Arlene Hinderlie Wade|
Born June 27, 1943
Died March 25, 2013
Arlene Hinderlie Wade, community activist, visionary, Seafair Queen,
and mentor to many, died peacefully on March 25th from non-Hodgkin's lymphoma.
Arlene grew up in Port Orchard, the daughter of Ray and Irene Hinderlie. During her 69 years, she lived life fully and left her mark on Seattle's heritage and musical communities.
In 1963, Arlene presided over the Century 21 World's Fair as Seafair Queen. The former Miss Port Orchard welcomed Bob Hope and other notables to the Fair.
Arlene attended the University of Washington and she joined the Gamma Phi Beta sorority. She retained a lifetime friendships from her college days hosting happy hours, charity events and dinners, trips to Europe and more.
She earned a MSW from the UW and also did three years of advanced training at the Seattle Psychoanalytic Institute.
Arlene enriched Seattle's cultural life. She co-founded the Seattle Chamber Music Festival with cellist Toby Saks in 1982. She was active with her husband on the boards of the Seattle Symphony and Cornish College of the Arts.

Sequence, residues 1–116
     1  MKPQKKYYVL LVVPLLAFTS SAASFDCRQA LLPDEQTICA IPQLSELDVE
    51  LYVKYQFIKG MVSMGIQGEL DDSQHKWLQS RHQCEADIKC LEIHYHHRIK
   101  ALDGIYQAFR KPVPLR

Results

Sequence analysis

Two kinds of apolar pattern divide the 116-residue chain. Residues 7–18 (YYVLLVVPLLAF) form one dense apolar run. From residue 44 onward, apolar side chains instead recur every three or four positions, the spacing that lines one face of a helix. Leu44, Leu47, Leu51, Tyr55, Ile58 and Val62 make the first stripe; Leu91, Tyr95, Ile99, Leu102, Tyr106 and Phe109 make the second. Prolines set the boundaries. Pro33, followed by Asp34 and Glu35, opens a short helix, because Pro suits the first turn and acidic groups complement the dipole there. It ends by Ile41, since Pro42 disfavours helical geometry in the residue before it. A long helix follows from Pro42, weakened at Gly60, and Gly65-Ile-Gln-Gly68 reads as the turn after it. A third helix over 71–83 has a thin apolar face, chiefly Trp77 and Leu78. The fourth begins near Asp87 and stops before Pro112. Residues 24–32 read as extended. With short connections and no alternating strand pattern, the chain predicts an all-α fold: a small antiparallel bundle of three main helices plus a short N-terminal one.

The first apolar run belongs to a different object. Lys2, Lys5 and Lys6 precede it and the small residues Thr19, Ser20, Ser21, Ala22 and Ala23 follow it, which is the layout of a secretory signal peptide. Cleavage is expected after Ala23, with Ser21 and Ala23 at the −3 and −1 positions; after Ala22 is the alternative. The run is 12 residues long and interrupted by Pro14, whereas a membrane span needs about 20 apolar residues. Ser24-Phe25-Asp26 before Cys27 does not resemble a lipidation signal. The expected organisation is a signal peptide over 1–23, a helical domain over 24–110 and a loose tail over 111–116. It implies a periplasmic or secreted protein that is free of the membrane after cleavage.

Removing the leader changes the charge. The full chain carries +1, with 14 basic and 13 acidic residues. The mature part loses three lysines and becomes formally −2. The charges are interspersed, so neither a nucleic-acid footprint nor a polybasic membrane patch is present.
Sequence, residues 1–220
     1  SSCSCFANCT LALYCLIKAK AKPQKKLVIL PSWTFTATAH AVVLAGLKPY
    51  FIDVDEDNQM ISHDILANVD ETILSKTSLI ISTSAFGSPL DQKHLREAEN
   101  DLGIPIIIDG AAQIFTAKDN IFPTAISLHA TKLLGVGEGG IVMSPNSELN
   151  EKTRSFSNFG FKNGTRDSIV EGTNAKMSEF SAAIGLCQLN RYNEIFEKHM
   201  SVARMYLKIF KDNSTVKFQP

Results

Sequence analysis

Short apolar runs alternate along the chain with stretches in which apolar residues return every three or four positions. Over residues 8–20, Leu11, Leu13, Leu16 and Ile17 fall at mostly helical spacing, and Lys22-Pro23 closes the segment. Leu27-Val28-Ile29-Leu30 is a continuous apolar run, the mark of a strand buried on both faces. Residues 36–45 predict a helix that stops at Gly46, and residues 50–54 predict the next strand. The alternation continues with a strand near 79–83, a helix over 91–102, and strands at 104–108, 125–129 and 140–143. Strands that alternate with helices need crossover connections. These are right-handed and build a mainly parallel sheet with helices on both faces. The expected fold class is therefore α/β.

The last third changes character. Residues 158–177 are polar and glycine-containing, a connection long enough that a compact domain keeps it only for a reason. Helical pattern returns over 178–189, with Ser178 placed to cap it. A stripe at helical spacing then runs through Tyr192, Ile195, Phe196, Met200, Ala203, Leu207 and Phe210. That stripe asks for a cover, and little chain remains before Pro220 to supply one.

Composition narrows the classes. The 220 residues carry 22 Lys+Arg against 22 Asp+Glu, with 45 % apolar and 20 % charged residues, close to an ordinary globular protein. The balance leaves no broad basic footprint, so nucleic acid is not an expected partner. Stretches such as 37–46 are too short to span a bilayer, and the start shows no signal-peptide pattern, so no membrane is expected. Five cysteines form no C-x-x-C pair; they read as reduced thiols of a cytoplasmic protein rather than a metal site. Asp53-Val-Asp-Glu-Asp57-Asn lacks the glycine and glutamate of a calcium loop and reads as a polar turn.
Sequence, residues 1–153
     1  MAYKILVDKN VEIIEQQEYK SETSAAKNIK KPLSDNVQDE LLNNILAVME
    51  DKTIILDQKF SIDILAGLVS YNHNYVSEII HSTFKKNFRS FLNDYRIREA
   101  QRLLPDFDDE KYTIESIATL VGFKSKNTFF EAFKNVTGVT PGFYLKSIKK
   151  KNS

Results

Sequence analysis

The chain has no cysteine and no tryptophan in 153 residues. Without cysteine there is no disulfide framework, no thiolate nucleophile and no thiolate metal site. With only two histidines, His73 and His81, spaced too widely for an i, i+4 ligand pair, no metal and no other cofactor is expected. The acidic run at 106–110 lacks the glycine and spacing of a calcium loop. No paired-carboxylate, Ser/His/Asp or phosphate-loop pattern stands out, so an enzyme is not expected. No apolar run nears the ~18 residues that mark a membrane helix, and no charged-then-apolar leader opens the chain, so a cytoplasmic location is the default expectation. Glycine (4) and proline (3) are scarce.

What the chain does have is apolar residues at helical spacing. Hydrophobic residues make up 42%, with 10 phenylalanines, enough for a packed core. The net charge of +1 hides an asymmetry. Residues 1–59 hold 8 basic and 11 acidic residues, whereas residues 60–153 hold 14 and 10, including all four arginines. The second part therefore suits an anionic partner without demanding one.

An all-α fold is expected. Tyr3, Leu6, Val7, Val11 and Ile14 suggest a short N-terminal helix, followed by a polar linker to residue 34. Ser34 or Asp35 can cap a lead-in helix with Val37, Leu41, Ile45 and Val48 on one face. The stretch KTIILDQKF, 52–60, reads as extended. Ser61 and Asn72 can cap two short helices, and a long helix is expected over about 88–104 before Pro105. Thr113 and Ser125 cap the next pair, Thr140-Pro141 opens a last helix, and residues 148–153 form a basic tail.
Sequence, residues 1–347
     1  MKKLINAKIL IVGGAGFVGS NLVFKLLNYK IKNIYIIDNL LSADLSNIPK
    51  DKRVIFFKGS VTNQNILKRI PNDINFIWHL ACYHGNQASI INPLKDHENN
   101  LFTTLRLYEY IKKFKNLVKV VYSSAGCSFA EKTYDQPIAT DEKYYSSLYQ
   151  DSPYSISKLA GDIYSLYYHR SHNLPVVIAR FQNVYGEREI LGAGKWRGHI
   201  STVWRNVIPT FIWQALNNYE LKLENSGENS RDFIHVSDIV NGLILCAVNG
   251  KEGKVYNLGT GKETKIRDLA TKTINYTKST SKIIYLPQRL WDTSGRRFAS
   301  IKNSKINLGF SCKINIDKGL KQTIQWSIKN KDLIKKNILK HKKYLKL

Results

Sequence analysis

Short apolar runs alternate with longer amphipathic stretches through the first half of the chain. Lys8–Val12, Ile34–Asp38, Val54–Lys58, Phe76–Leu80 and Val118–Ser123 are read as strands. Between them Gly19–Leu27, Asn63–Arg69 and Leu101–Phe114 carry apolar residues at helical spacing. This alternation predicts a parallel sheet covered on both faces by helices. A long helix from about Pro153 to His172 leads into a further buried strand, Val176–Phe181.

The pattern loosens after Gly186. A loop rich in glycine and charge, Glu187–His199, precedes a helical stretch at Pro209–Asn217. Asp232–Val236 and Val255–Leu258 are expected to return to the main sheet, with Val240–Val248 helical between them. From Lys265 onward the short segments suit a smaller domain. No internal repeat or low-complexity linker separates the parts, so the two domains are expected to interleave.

As President of the Southwest Seattle Historical Society in the 1990s, she led the campaign to create the "Birthplace of Seattle" Log House Museum at Alki. She insisted on telling the story of the Duwamish people, whose cause she championed for decades. She inspired "The Spirit Returns" exhibit as part of Seattle's 150th Anniversary, the first time the story of the Duwamish and the American settlers was told side by side.
Arlene worked with the Duwamish to secure land for the Duwamish Longhouse and Cultural Center.
Arlene is survived by her husband of 36 years, George Wade, her son, Brady; two brothers, Richard and Sanford Hinderlie and their respective families; three stepchildren: Catherine Thomsen, George Wade, Jr., and Sandra Johnson; and six grandchildren and three great-grandchildren.
A memorial service will be held June 2, 2:00 pm at Lagerquist Hall, Pacific Lutheran University.Sign Arlene's on-line
Guest Book at www.Legacy.com.
Published in The Seattle Times on May 26, 2013